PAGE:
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From Securities Regulation Daily, June 30, 2014

Proudly private company had duty to disclose merger talks

By Anne Sherry, J.D.

Having repeatedly boasted to employees that it was privately held and intended to remain so, Stiefel Laboratories, Inc. (SLI) had a duty to update those statements when it began merger negotiations, if not to the public, then at least to a retirement-plan participant selling his shares back to the company. Although silence during the merger discussions may have benefitted investors overall, “secrecy ceases to be in the investors’ interests when corporate insiders exploit the nonpublic information in their possession and engage in self-dealing” (Finnerty v. Stiefel Laboratories, Inc., June 30, 2014, Anderson, R.).

Background. SLI had been a private company since its founding in 1847. According to the appellate decision, “the Stiefel family brought up this fact at nearly every company meeting and impressed upon employees their commitment to keeping SLI under the family’s control.” When The Blackstone Group bought a minority investment in the company in 2007, SLI reassured the public, and Charles Stiefel reassured employees, that the company would continue to be privately held. However, beginning in November 2008, the Stiefel family began exploring the possibility of selling SLI and eventually shopped the company to potential buyers. In April 2009, SLI and GlaxoSmithKline (GSK) agreed to a transaction in which SLI stockholders received approximately $68,500 per share, not including a performance bonus.

In the meantime, a former SLI employee, Timothy Finnerty, exercised his rights under SLI’s employee stock bonus plan without knowledge of the merger talks. The plan entitled terminated employees to a distribution of vested benefits and granted them a “put” option on distributed stock. Finnerty, in January 2009, elected to receive his distribution of SLI stock and to put the stock to SLI at the then-effective fair market value of approximately $16,500 per share, less than one-fourth the value assigned in the merger.

Finnerty sued SLI alleging violations of ERISA and Exchange Act Section 10(b); the jury returned a verdict for Finnerty and awarded him compensatory damages of $1.5 million. After the district court denied SLI’s renewed motion for judgment as a matter of law and alternative motion for a new trial, SLI appealed to the Eleventh Circuit.

Amicus brief. The SEC, which has an enforcement action pending against SLI and Charles Stiefel, filed an amicus brief in this case. The SEC opined that the case implicated two distinct duties of disclosure: (a) SLI and Charles Stiefel both had a duty to correct and update their prior statements where their failure to do so would render those statements materially misleading; and (b) SLI had a duty to disclose or abstain when purchasing its shares from its stockholder employees on the basis of material, non-public information.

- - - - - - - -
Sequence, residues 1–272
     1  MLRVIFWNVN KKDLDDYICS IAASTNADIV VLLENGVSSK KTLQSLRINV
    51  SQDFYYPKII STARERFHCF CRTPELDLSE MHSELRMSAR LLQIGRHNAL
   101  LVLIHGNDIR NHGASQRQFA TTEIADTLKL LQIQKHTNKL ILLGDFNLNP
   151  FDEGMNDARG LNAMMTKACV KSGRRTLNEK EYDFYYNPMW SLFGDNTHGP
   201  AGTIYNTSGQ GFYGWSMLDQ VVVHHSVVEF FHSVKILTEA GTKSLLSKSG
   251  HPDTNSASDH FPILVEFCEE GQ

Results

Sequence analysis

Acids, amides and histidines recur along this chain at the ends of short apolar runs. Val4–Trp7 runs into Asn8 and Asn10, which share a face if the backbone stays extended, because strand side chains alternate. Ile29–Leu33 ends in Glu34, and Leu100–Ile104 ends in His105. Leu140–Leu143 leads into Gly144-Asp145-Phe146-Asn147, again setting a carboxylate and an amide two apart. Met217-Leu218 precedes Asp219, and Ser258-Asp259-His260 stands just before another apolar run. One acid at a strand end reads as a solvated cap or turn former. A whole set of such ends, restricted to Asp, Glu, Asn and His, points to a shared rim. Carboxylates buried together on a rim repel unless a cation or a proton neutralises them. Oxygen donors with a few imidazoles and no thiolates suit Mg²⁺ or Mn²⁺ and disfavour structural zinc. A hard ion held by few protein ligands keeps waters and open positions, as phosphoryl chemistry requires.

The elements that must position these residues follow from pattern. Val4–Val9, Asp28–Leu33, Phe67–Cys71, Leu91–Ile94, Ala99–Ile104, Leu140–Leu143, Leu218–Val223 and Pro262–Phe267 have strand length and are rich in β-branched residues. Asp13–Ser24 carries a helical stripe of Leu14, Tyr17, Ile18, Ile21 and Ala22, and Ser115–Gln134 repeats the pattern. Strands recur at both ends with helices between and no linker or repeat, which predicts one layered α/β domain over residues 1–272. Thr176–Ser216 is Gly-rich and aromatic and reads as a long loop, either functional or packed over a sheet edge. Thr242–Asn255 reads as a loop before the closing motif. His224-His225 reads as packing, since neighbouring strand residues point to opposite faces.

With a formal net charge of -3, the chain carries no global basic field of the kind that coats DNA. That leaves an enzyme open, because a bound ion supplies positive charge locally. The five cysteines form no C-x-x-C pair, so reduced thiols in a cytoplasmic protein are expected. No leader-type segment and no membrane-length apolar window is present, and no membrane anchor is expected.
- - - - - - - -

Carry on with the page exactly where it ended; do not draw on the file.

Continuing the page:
Duty to disclose. The appeals court held that SLI had a duty to disclose facts necessary to make its “will continue to be privately held” statements not misleading. The company was not obligated to disclose the existence or status of merger negotiations, the court stressed; it could have merely said that a sale of the company was under consideration. But Finnerty had testified that the company’s privately held status was brought up in virtually every meeting and was continually impressed upon employees. “SLI employees, who had heard generations of Stiefels express their commitment to keeping SLI under the family’s control, could reasonably have understood the ‘will continue to be privately held’ statements to be assurances that SLI remained unavailable for acquisition even after Blackstone’s investment,” the appeals court determined.

The court did not decide whether SLI had an immediate duty to update the public when the merger negotiations became serious, but held that SLI had a duty to update Finnerty before it repurchased shares of its own stock from him. The court thus found a duty to disclose but left open “the issue of precisely when and to whom the requisite disclosure must be made.” The timing of disclosures may be entrusted to the business judgment of corporate officers where “a duty to update exists but silence would yield benefits for investors as a group, so long as the company and its insiders abstain from trading in the company’s securities during this period of nondisclosure,” the court wrote, “But secrecy ceases to be in the investors’ interests when corporate insiders exploit the nonpublic information in their possession and engage in self-dealing.”

Federal law requiring buyback. SLI had also argued that it was required by ERISA to buy back the shares because they were distributed pursuant to a defined contribution plan. The court distinguished ERISA’s blackout provisions, which deal with distributions from a plan, from the employer’s obligation to honor a “put” option on shares that have already been distributed. “Furthermore, even if federal law does foreclose the option of abstention, it would not affect our disposition. A corporation that is unable to lawfully postpone its duty to disclose is not absolved of that duty. The Supreme Court has made clear that it is not the role of courts to interfere with the ‘philosophy of full disclosure’ embodied in the securities laws.”

The case is No. 12-13947.

Attorneys: Peter Prieto (Podhurst Orseck, PA) for Timothy Finnerty. Elliot H. Scherker (Greenberg Traurig LLP) for Stiefel Laboratories, Inc.

Companies: Stiefel Laboratories, Inc.

MainStory: TopStory FraudManipulation MergersAcquisitions AlabamaNews FloridaNews GeorgiaNews

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